Having a Chinese girlfriend can be great and heartbreaking. Great because “Hey, asian girlfriend! OMG!”. Heartbreaking because, like friendship, the vast majority want something else from you than what you expect. Popularity boost, English classes, money and so on. Had a “girlfriend” come over for the night once and she took out her books and we all know the rest of the story.

            As stated by someone else, if you do ever get a real Chinese friend you will know when it happens. I do have a friend like that and it is just like having an extended family. You will feel respected in a way that is mutual which you won’t feel from anyone else around you. I would give my life for my Chinese friend without hesitation because I know he would do the same.

            Lastly: Be extremely careful. Because you are not part of their in-group, you are fair-game to be scammed and toyed with. Know that people who are friendly to you most probably have ulterior motives and if you do suspect that it is the case then it means you are right and should follow your gut feeling. About foreigners: while most foreigners I met are friendly, be careful not to go to the local foreigners bar all the time. People will most likely be jaded and after a few beers will be sharing their experiences. It’s a bit like reading Chinasmack, but it can get old after a while.

          • Kukuku… Many thanks as this is invaluable stuff… Honest raw facts…

          • Glen

            Hey, you guys’ responses basically summed it up. I recently wrote an entry about this and what you said was so spot-on that I had to add some of your quotes in my blog, hope you don’t mind!

          • Scott

            Glen, some acts cannot be recounted because few would believe it. Several times I have seen a mainland Chinese riding a bicycle towards a collision with a car/pedestrian/motorcycle/bicycle only to see the rider either jump from the bicycle or put their legs straight out to brace for the impact, all this rather than apply the chain brake. One time I heard a panicked voice behind me “當心!當心!” (Watch out! Watch out!) and lessening my stride looked around to see a woman wobbling on a bicycle with the child sitting behind her just graze past to turn right in front of me, not a foot of space between us. Had I not slowed down she would have hit me from the side, and her with a child riding on the bike as well. Mainland Chinese never yield the right of way and rarely have I ever seen them slow down to avoid an accident, preferring to bob and weave on the bike, even make a huge half circle rather than reduce speed. Anyone on a bicycle in Hong Kong is understood to be mainland Chinese (especially when the girl riding wears a huge sun bonnet); I witnessed one woman cut across a busy intersection in Hung Hom as Mercedes and lorries applied screeching brakes and loud horns to avoid her. She seemed oblivious.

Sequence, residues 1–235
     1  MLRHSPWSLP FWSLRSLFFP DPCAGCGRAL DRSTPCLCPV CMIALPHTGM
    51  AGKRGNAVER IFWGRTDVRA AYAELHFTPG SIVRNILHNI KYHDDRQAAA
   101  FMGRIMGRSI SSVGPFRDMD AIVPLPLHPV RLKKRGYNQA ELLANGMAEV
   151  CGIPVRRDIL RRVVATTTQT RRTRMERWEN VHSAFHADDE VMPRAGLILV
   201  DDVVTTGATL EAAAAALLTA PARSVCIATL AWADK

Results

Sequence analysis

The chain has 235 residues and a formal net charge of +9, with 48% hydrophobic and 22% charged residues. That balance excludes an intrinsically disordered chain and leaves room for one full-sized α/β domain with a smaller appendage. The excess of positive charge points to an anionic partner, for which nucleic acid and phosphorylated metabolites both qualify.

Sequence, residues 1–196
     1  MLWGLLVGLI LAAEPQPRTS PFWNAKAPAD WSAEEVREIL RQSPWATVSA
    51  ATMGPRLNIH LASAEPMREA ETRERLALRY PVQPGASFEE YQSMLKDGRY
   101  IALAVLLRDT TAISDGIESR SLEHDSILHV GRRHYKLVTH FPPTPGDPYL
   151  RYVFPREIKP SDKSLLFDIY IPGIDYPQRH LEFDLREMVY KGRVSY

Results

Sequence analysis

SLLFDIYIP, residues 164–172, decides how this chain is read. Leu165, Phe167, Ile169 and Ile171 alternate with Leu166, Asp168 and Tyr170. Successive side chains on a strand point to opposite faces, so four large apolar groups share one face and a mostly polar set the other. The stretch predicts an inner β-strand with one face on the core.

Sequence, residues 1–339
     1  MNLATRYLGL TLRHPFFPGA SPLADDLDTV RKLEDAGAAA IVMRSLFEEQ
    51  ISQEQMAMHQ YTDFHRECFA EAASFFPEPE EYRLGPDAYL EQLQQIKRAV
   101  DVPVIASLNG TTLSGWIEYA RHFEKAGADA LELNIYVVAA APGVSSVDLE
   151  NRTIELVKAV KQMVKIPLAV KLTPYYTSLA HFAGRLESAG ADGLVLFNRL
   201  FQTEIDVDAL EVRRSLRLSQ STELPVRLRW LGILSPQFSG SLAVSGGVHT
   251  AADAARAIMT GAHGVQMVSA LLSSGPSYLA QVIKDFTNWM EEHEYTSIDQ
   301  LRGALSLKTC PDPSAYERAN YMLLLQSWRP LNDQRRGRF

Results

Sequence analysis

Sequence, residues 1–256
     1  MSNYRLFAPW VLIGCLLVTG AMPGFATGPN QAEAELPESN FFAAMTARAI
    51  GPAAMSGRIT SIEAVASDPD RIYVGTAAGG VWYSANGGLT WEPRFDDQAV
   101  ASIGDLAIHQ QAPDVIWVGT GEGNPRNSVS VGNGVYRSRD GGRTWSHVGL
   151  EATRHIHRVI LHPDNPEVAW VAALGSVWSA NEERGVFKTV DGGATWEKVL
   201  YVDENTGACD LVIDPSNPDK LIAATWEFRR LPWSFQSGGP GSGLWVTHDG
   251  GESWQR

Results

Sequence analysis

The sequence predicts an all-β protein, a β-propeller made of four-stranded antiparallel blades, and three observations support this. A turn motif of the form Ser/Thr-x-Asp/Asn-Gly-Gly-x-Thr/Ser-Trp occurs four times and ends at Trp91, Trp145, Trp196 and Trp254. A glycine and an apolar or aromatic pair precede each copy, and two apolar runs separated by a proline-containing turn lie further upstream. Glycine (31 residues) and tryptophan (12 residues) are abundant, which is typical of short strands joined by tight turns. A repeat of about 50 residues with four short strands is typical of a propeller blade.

• linette

            ………………If, like me, you live on the first floor, expect people to walk past your windows, stop, and glue their face to the window to observe you – day and night. Had to buy better/more curtains ……………..

            kukuku..is it really that bad? The China people look at you like a museum exhibition? How horrible.

            Whiskerthecat, you travel a lot. Your life must be so fun. :) Make sure you stand up rise your hand and all hail the queen. lol.

            China gov’t should have classes that teach their people proper manners in their public school. As a matter of fact, every country should have this teaching in their public school. Also teach good sanitation practice like cover your mouth when coughing. Do not touch other people’s food with the chopsticks you are eating with. No double dipping. etc..

          • The Enlightened One

            You want my advice?

            Learn to cook and invest in a Foreman Grill (taobao, like Chinese eBay)

            Learn some Mandarin and invest in patience.

            Be friendly and sometimes ask them questions you already know just for the sake of them telling you something about their country (it makes them happy).

            Then you are pretty much set and will be cheated less.

          • Scott

            There will be a timeline to your stay. No matter if learning the language or just staying in China for work you will pass through several clear stages. First is the elation at being in a very different place among people very different from yourself, and that difference is elating and intriguing. After some months you’ll have “settled in”, the elation giving way to tacit acceptance or resignation to the situation, but you’re still eager to give it all a go. Next comes the cynicism and real dislike of certain habits that drive you nuts. After nine months – and this will be intensified when your girlfriend (I assume she’s Western like you as you intimated) has even less tolerance – comes a depression, a real funk, as you just want to get out, even if only for what you describe as a “short vacation”, but it’s really a grasp towards peoples and habits that comfort. This is a hump that some just can’t get over, when you really doubt if putting up with another minute of it is worthwhile. After the hump many just flake off and hang with other expats, putting in time until they leave. Most coming to China as interested, eager souls leave within a year with a very bad taste in their mouths.

          • Scott

            “Most coming to China as interested, eager souls leave within a year with a very bad taste in their mouths.” This is not peculiar to Westerners; overseas Chinese have the same experience, and guys from Taiwan staying for business are perhaps the best prepared. As one from Taiwan told me, to survive as an outsider (非大陸人) in mainland China one needs 本錢﹐本事﹐本尊 or self-sufficient capital, one’s own means of a livelihood, and self-respect. I agree.